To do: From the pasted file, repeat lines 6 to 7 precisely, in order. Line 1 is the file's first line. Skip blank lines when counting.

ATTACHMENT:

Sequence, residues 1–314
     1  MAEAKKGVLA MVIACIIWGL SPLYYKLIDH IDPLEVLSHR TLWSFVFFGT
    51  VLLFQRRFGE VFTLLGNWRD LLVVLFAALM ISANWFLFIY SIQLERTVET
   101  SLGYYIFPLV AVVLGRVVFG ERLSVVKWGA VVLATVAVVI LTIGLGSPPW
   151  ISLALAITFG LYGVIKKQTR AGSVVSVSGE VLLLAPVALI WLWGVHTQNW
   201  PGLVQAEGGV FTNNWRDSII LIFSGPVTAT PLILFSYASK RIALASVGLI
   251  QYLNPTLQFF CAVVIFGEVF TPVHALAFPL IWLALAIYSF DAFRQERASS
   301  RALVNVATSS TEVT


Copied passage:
   201  PGLVQAEGGV FTNNWRDSII LIFSGPVTAT PLILFSYASK RIALASVGLI
   251  QYLNPTLQFF CAVVIFGEVF TPVHALAFPL IWLALAIYSF DAFRQERASS